On average, someone experiences a stroke every 40 seconds in the United
States. Strokes are caused by a blockage in blood flow to the brain and
may result in paralysis, cognitive problems, numbness, pain, depression,
lack of emotional control, and more. Although nearly 80 percent of strokes
are preventable, it is still a leading cause of long-term disability in
the U.S. As part of National Stroke Awareness Month, Anaheim Regional
Medical Center, a designated stroke center, is proud to help spread awareness
of the severity of stroke injuries and share information on how to lower
your risk for stroke.
Lowering Your Risk for Stroke
While certain unchangeable factors such as family history, age, gender
and ethnicity may all contribute to a person’s risk for stroke,
it is not entirely out of their hands. Lifestyle changes and preventative
measures can be taken in order to protect individuals from stroke.
Take a look at ways you can lessen your risk for stroke:
Get up off of that thing: Regular exercise can help prevent a number of health issues, especially
stroke. Join a gym, take a daily walk or find something active you enjoy!
Don’t pass the salt: Keeping sodium under control can reduce your risk of a stroke. Eat a healthy
diet that limits sodium and replaces it with natural nutrients and vitamins.
Keep it under control: If you have a history of high blood pressure, high cholesterol, or diabetes,
work closely with your doctor to keep those conditions at bay.
Quit smoking. Or don’t start: Smoking cigarettes can cause blood clots and contributes to an average
of one in every five strokes in the U.S. Quitting could be the best thing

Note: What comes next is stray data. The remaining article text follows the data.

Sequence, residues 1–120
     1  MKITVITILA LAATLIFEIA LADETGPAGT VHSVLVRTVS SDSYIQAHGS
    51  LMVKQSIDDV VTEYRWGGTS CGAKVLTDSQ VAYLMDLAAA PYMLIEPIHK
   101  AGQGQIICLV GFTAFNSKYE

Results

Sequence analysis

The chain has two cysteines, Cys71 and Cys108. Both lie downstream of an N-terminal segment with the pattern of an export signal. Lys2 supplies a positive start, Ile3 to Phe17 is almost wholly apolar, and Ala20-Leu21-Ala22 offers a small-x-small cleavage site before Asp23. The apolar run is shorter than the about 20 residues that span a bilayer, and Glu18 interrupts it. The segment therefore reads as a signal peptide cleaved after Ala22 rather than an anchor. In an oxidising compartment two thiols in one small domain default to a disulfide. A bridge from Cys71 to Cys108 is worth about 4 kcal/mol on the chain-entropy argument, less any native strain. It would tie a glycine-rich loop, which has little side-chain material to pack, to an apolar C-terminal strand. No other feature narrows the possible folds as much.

for your body.
Just one please: Limiting your alcohol intake could help reduce your risk of stroke. We
recommend less than two drinks per day for men and one drink per day for women.
As you make these changes, spread the word! There is nothing like a good
community to keep people accountable to one another and to help one another
make healthier choices.
Supporting Stroke Awareness
To help support stroke awareness, you can join up with organizations and
hospitals who have an established program in place. The first step is
education. Learn about the condition, how to recognize a stroke, what
causes it, and what steps you can take to lessen your risk. The second
step is to share what you’ve learned with others. Use social media
to spread helpful articles, blogs, and other information about the fifth
leading cause of death in the nation. Or, you can donate to the
American Stroke Association. Even small steps to awareness can make huge changes in your community.
Together, we can end stroke™.
This article contains general information about medical conditions and
treatments. The information is not advice and should not be treated as
such. The information is not intended to replace the advice or diagnosis
of a physician.
If you have any specific questions about any medical matter you should
consult your doctor or other professional healthcare provider.